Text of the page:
This award supports a Doctoral Colloquium (DC) at the 12th ACM International Conference on Ubiquitous Computing (UbiComp 2010) to be held September 26 - 29, 2010 in Copenhagen, Denmark. The International Conference on Ubiquitous Computing is the premier outlet for novel research contributions that advance the state of the art in the design, development, deployment, evaluation and understanding of ubiquitous computing (ubicomp) systems. The conference is a competitive and interdisciplinary venue of publishing and presenting research that spans and integrates pervasive, wireless, embedded, wearable and/or mobile technologies to bridge the gaps between the digital and physical worlds.

Intellectual interaction with experts and peers will broaden the students? perspective about the future directions of research in a range of topics connected to Ubiquitous Computing. It will also enable the students to network with each other and with the experts. Finally, the focused attention and unique exposure given to the students will in and by itself draw and attract more students to work in the Ubiquitous Computing area. This should hopefully increase the number of graduates in this area, which should drive innovation and generate highly trained workforce working in field of Ubiquitous Computing.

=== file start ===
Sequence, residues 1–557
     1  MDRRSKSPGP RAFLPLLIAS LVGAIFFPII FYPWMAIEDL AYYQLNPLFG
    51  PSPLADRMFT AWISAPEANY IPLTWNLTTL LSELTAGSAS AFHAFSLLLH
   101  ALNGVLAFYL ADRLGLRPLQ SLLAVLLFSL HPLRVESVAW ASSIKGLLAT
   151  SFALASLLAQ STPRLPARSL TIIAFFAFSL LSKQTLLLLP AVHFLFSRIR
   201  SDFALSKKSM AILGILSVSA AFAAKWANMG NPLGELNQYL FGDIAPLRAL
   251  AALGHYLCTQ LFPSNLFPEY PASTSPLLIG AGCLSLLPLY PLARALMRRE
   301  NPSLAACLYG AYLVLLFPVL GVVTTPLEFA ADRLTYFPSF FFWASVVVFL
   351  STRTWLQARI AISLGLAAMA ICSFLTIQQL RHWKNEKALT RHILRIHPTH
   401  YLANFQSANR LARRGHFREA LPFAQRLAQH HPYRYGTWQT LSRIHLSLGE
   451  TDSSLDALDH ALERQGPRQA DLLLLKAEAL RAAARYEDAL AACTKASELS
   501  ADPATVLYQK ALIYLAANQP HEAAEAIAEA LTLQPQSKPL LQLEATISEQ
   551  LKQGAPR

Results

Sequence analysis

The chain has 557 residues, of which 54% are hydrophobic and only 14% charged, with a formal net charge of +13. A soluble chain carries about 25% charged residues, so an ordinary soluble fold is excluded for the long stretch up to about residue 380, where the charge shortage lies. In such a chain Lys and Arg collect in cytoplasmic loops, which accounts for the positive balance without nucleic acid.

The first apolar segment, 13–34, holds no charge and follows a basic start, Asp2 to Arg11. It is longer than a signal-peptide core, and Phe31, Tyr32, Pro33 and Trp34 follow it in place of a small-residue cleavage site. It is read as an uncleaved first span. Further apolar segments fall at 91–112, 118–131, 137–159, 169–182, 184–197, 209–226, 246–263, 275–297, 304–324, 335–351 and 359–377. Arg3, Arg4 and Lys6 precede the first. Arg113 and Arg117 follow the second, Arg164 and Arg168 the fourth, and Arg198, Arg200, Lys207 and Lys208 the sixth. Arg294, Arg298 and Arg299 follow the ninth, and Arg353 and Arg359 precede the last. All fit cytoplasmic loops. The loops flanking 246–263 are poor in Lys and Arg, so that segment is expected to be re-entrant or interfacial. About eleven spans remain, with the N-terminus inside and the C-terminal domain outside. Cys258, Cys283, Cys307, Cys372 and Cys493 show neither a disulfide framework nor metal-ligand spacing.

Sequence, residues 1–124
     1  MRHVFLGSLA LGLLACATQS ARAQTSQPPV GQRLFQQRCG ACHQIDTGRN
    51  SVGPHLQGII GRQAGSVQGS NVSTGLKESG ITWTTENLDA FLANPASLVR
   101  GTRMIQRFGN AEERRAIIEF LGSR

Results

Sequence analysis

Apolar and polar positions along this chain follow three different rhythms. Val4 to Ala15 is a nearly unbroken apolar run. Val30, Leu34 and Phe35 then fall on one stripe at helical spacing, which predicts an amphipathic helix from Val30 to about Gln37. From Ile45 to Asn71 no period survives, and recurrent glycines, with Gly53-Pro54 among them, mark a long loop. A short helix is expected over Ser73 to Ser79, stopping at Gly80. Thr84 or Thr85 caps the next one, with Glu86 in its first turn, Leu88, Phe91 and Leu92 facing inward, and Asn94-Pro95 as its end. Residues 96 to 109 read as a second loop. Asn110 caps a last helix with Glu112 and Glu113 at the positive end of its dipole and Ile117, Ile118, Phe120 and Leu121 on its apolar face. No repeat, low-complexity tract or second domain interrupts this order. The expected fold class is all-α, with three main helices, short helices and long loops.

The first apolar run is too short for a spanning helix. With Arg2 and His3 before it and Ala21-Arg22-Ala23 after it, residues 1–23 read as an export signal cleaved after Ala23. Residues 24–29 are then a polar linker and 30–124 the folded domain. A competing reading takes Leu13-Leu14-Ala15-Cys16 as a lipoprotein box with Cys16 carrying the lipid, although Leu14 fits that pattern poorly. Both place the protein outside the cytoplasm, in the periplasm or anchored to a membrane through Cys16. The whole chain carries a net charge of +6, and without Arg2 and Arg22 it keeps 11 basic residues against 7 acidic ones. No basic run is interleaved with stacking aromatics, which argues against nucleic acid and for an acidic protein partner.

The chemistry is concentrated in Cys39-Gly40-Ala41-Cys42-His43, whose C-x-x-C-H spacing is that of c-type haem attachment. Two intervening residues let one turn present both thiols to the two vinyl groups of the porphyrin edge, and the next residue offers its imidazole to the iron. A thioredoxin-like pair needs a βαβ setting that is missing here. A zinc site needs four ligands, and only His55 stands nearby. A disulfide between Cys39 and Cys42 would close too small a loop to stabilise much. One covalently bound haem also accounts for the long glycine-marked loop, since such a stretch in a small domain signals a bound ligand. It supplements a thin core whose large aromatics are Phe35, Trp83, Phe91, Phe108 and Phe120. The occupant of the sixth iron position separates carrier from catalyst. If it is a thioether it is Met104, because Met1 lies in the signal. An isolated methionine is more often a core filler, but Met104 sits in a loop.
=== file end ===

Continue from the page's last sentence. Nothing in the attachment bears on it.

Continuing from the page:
Project Report

This award helped to support he Ubicomp 2010 Doctoral Colloquium and the US-based participants. In addition to the Doctoral Colloquium Co-Chairs, Elaine Huang and Mike Hazas, 2 internationally respected panelists, Shwetak Patel and AJ Brush, provided feedback to 10 doctoral students on their ongoing thesis work. The experts worked to best guide the doctoral students towards a successful completion of their PhD thesis on a ubicomp-related project. Doctoral students came from many different institutions including UC San Diego and Carnegie Mellon University, and covered a diverse set of topics related to ubiquitous computing. The list of students and their thesis work is below: Supporting Self-Expression for Informal Communication Lisa G. Cowan, University of California, San Diego Routine as Resource for the Design of Learning Systems Scott Davidoff, Carnegie Mellon University Design Dimensions of Ambient Information Systems to Assist Elderly with Their Activities of Daily Living Juan Pablo García Vazquez, Autonomous University of Baja California Marcela D. Rodriguez, Autonomous University of Baja California Ángel G. Andrade, Autonomous University of Baja California Infrastructure Awareness Juan David Hincapie-Ramos, IT University of Copenhagen Goal-Driven Opportunistic Sensing Marc Kurz, Johannes Kepler University Linz Embedded Assessment of Wellness with Smart Home Sensors Matthew L. Lee, Carnegie Mellon University Improving Trust in Context-Aware Applications with Intelligibility Brian Y. Lim, Carnegie Mellon University A Holistic Multipurpose Life-Log Framework Reza Rawassizadeh, Vienna University of Technology Improving Intelligibility and Control in Ubicomp Jo Vermeulen, Hasselt University Context as a Service Michael Wagner, University of Kassel

National Science Foundation (NSF)
Division of Information and Intelligent Systems (IIS)
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William Bainbridge
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Carnegie-Mellon University
United States
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